Kerr started screening the shirts about five years ago after toying with the idea while working at Acme Prints in Tempe. At first he printed his own jazz album cover designs and classic movie posters, but Kerr soon moved on to books. "I read a lot anyway, and there's an endless amount of inspiration," he says.
With super-soft tri-blend crewnecks from American Apparel as his base, Kerr screens each shirt by hand at Acme, using discharge ink (a dye that essentially bleaches the fabric) to color the designs into the shirts' material, as opposed to building ink onto the textile.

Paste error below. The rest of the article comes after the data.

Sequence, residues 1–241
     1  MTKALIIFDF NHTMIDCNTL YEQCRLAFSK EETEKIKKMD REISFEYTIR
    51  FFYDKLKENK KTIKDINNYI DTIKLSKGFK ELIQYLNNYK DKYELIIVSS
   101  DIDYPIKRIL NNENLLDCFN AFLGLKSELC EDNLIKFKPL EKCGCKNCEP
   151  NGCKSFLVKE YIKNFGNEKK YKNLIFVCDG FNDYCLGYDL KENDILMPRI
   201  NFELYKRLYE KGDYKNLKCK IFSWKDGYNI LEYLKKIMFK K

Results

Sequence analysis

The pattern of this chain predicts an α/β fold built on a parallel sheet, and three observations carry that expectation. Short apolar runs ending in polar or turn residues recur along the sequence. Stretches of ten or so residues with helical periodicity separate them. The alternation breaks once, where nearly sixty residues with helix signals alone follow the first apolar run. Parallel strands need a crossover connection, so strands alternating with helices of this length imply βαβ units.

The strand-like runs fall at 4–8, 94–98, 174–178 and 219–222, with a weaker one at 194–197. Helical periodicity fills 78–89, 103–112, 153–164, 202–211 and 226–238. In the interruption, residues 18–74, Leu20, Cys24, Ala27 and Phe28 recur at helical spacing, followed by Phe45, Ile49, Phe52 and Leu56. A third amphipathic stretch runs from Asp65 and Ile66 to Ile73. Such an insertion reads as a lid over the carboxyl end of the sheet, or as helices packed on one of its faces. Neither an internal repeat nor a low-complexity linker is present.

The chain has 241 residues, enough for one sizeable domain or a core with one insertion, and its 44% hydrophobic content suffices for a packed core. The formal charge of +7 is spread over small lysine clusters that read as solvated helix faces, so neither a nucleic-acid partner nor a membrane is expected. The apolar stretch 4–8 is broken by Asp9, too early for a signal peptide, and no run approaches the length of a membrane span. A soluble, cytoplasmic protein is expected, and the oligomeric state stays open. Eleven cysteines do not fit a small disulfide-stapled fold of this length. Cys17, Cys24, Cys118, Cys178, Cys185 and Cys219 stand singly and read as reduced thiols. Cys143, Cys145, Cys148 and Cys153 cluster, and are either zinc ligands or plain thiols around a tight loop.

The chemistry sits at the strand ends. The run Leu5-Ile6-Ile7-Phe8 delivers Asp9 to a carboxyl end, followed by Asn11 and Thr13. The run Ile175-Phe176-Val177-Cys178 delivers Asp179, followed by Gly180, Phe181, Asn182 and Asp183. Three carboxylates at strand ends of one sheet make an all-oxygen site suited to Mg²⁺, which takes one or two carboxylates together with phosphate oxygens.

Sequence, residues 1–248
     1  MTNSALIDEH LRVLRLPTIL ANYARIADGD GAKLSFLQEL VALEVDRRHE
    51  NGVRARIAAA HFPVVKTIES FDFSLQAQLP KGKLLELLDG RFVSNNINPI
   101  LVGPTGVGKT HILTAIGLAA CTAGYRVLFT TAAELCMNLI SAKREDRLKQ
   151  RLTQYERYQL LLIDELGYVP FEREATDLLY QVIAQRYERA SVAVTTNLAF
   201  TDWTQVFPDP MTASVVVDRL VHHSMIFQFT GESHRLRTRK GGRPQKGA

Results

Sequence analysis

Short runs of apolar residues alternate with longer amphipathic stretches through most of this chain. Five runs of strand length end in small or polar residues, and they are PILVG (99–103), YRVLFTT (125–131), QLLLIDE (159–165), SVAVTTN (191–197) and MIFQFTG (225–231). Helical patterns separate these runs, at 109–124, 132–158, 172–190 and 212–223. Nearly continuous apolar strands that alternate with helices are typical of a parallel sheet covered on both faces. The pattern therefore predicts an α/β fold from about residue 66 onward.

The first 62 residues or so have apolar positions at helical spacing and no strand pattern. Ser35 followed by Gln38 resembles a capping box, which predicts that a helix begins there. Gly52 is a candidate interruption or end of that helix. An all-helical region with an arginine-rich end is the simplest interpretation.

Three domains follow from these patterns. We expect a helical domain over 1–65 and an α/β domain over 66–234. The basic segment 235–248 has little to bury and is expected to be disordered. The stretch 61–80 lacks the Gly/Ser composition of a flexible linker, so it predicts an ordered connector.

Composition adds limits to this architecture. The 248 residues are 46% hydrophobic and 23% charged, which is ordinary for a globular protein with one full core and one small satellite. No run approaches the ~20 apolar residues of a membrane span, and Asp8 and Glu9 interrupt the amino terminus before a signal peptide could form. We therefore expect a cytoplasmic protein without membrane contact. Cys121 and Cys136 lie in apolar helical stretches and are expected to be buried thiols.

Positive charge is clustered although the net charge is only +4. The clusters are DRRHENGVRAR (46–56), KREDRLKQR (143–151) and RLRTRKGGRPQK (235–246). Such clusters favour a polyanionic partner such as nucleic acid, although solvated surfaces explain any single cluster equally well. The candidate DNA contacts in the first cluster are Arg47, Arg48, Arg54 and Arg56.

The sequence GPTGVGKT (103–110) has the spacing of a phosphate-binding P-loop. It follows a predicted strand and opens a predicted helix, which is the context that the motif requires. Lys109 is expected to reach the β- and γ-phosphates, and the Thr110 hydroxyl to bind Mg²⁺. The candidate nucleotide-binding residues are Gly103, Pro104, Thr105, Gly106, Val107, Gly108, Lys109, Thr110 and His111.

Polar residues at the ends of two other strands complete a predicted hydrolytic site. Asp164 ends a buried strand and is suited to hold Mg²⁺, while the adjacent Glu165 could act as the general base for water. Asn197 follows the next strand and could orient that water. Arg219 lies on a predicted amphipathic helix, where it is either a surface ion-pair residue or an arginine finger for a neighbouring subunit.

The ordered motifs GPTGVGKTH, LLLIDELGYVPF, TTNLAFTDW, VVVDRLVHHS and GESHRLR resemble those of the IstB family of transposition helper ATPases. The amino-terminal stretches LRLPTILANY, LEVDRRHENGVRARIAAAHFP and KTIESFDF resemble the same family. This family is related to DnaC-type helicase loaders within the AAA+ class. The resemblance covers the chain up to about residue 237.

Kerr takes pride in keeping his business small and being in control of every aspect of it. "It's a very personal kind of brand," he says of his one-man business.
He's turned down offers to have his pieces stocked at Top Shop, Nordstrom, and Urban Outfitters. Instead, he prefers selling directly to his customers, and working with small boutiques.
He compares his role in overseeing the line to that of an art director. Kerr seeks out artists from all over the world, chooses color schemes, and works through their designs to form two focused collections a year.
Kerr released his latest spring line in mid-March, and it includes shirts depicting Ted Hughes' The Iron Man and Mark Z. Danielewski's House of Leaves among its 12 new designs.